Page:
Now, we don’t have a free market. Don’t kid yourself. And the biggest enemies of the free market, the two biggest enemies of the free market are two separate groups — my academic colleagues and business people. Business people are enemies of free markets, not friends. The academic people are all in favor of freedom for themselves, except even now they’re not even in favor of that with this politically-correct nonsense that’s going on.
But historically, academic people have always been in favor of freedom for themselves. They want to say what they want, write what they want, do whatever research they want. But they’re all against freedom for everybody else. They think they know what’s better for the society, the poor people, than the poor people do. They think they can run the economy better than the businesses can.
The business people are just the opposite. They’re all in favor of freedom for everybody else, and at the drop of a hat you can get any leading businessman to give you an eloquent speech on the virtues of a free market. But when it comes to their own business, they want to go down to Washington and get a special tariff to protect their business. They want a special tax deduction. They want a tax subsidy. And Chrysler is on the verge of failing, which it should have done. It should have been allowed to fail. Chrysler goes down and exercises political influence and tries to get the government to lend it money to subsidize it.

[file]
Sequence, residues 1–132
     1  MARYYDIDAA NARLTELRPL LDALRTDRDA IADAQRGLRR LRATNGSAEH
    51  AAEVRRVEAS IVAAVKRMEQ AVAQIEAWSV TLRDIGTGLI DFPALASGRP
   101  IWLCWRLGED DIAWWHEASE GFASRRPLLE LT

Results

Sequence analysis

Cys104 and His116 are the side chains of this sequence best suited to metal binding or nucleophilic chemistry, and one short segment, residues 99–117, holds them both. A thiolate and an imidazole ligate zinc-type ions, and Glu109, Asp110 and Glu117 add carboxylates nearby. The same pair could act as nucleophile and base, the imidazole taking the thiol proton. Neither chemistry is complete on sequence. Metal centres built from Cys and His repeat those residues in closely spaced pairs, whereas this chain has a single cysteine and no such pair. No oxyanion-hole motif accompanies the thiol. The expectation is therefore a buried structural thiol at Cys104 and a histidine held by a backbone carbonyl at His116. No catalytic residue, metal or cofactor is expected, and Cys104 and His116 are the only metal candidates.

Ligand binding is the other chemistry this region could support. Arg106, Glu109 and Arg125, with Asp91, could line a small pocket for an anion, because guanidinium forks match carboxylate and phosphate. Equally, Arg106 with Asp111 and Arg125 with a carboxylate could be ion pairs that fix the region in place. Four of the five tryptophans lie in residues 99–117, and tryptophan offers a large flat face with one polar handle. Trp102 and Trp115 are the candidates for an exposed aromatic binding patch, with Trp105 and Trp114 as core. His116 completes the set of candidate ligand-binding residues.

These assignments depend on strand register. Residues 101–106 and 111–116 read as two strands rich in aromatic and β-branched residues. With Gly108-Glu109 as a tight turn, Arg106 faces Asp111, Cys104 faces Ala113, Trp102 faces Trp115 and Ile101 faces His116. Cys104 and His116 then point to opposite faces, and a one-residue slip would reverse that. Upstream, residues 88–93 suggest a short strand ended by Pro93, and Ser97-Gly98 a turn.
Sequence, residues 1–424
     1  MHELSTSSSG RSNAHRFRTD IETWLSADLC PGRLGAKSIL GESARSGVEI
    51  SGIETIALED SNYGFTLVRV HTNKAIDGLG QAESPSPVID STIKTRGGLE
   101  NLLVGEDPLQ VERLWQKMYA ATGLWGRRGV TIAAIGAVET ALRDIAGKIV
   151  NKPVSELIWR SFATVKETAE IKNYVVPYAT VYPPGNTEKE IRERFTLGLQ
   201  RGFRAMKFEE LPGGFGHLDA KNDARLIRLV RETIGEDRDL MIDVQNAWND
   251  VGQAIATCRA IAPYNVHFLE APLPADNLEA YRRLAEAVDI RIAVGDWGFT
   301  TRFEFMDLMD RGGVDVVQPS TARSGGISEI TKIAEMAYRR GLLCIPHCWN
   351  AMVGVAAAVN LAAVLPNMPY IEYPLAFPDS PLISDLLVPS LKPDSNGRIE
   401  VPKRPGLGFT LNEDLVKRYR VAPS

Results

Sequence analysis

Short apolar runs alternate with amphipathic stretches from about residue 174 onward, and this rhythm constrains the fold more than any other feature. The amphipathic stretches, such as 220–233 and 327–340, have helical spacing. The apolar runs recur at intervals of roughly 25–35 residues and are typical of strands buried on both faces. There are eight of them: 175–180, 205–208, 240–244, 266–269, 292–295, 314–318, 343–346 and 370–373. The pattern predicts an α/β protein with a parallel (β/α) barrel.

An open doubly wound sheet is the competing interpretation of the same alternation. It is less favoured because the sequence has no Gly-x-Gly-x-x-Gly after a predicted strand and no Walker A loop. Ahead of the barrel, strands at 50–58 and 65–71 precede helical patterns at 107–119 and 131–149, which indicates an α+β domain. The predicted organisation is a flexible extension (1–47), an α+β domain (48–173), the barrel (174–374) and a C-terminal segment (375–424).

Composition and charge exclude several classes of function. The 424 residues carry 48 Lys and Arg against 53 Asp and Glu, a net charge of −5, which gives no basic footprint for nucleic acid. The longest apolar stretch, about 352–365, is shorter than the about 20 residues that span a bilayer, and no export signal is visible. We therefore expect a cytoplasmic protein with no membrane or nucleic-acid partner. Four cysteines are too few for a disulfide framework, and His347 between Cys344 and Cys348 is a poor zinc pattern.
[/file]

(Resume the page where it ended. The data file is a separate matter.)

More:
So businessmen in general — not all, there have been some notable exceptions — and I don’t want to include everybody. But in the main, most businessmen are enemies of free markets.
The real beneficiaries of free markets are the invisible man, the small consumer, the ordinary worker. Those are the real people who benefit from free markets. But unfortunately, they don’t have the kind of political clout that a PAC — political action committee — from big business has.